Much of McGuine’s current research focuses on the impact athletic trainers can have on the incidence, management and outcomes for sports-related concussion injuries in high school athletes. Similarly, he is examining the effectiveness of soccer headgear to reduce concussions in adolescents.

McGuine has also recently authored or co-authored a series of published works that examine specialization in youth and high school sports, with these studies adding to the evidence that specializing in one sport may increase the risk of a range of injuries for high school athletes. This topic has become hot even among mainstream media outlets, with everyone from National Public Radio to Time magazine highlighting research from McGuine and his colleagues.

“I can think of no other individual in our state who has had greater influence on injury prevention and the provision of care for the secondary school athlete,” Winterstein says of McGuine.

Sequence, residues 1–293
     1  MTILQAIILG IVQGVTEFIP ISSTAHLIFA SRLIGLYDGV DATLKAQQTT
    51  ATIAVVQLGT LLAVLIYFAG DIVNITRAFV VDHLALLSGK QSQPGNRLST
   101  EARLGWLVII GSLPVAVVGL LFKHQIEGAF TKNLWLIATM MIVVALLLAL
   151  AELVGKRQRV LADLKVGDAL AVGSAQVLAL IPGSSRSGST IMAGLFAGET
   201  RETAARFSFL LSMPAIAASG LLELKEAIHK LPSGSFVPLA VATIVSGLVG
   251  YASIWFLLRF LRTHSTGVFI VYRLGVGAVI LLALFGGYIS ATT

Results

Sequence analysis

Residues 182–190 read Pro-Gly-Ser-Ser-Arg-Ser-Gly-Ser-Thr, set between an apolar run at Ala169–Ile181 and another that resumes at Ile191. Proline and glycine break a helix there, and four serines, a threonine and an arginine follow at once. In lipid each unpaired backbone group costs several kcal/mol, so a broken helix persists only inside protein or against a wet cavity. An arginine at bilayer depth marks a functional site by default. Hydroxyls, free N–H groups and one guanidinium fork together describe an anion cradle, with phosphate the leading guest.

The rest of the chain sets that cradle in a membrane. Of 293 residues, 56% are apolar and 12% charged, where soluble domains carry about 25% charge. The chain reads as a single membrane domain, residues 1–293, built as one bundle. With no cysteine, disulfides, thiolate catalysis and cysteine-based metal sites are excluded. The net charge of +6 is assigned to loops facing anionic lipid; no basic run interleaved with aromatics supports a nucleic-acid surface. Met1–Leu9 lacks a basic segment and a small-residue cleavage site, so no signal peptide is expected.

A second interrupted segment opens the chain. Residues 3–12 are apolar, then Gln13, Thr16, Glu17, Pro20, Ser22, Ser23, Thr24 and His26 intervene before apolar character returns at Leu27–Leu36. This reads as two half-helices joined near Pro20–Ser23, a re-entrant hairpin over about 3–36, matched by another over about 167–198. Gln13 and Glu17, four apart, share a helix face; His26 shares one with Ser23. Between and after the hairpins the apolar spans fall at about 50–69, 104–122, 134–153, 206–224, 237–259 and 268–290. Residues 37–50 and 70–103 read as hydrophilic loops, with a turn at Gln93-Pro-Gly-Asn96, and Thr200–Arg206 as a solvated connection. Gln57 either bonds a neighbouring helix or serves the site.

Since 2005, McGuine has been the primary author on 10 major projects, has co-authored 25 refereed manuscripts and written two books. He has been the principal investigator on over $720,000 of awarded grants during this period.

“His research is common sense, applicable and easily understood and adopted by practitioners in the field,” UW-La Crosse’s Gibson writes in his letter nominating McGuine for the WATA Hall of Fame.

McGuine’s research has garnered significant national honors in recent years. In 2015 he received the Dr. Ode bar-Or Award for best Sports Medicine Research presented at the American Academy of Pediatrics Annual Meeting, and just last year he earned the American Orthopedic Society for Sports Medicine’s STOP Sports Injuries Award.